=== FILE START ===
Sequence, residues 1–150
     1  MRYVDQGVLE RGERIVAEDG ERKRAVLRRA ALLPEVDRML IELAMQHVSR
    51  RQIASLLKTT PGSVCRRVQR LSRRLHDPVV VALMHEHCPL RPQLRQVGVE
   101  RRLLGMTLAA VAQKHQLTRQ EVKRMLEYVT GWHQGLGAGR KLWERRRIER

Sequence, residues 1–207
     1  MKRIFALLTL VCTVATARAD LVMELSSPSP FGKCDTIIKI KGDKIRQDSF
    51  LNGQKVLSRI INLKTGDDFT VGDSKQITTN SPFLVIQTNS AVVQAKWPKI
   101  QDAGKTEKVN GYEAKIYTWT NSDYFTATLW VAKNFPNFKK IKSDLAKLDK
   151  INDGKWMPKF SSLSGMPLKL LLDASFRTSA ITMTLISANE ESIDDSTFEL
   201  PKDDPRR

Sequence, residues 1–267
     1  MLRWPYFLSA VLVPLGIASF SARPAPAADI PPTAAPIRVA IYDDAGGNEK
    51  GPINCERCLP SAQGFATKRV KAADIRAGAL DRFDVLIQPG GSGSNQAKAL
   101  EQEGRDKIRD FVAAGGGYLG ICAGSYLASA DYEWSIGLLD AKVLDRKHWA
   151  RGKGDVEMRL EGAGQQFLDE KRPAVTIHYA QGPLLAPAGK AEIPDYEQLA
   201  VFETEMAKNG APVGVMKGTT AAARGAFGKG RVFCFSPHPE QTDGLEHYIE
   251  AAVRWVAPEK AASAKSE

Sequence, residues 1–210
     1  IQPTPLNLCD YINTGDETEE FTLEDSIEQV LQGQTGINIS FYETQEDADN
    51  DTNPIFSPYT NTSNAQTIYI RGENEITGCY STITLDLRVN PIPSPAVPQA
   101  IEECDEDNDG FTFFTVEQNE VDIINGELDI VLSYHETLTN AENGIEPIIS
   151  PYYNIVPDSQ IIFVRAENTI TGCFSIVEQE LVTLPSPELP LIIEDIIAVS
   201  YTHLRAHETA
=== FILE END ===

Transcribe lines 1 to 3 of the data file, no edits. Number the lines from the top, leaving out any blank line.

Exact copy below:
Sequence, residues 1–150
     1  MRYVDQGVLE RGERIVAEDG ERKRAVLRRA ALLPEVDRML IELAMQHVSR
    51  RQIASLLKTT PGSVCRRVQR LSRRLHDPVV VALMHEHCPL RPQLRQVGVE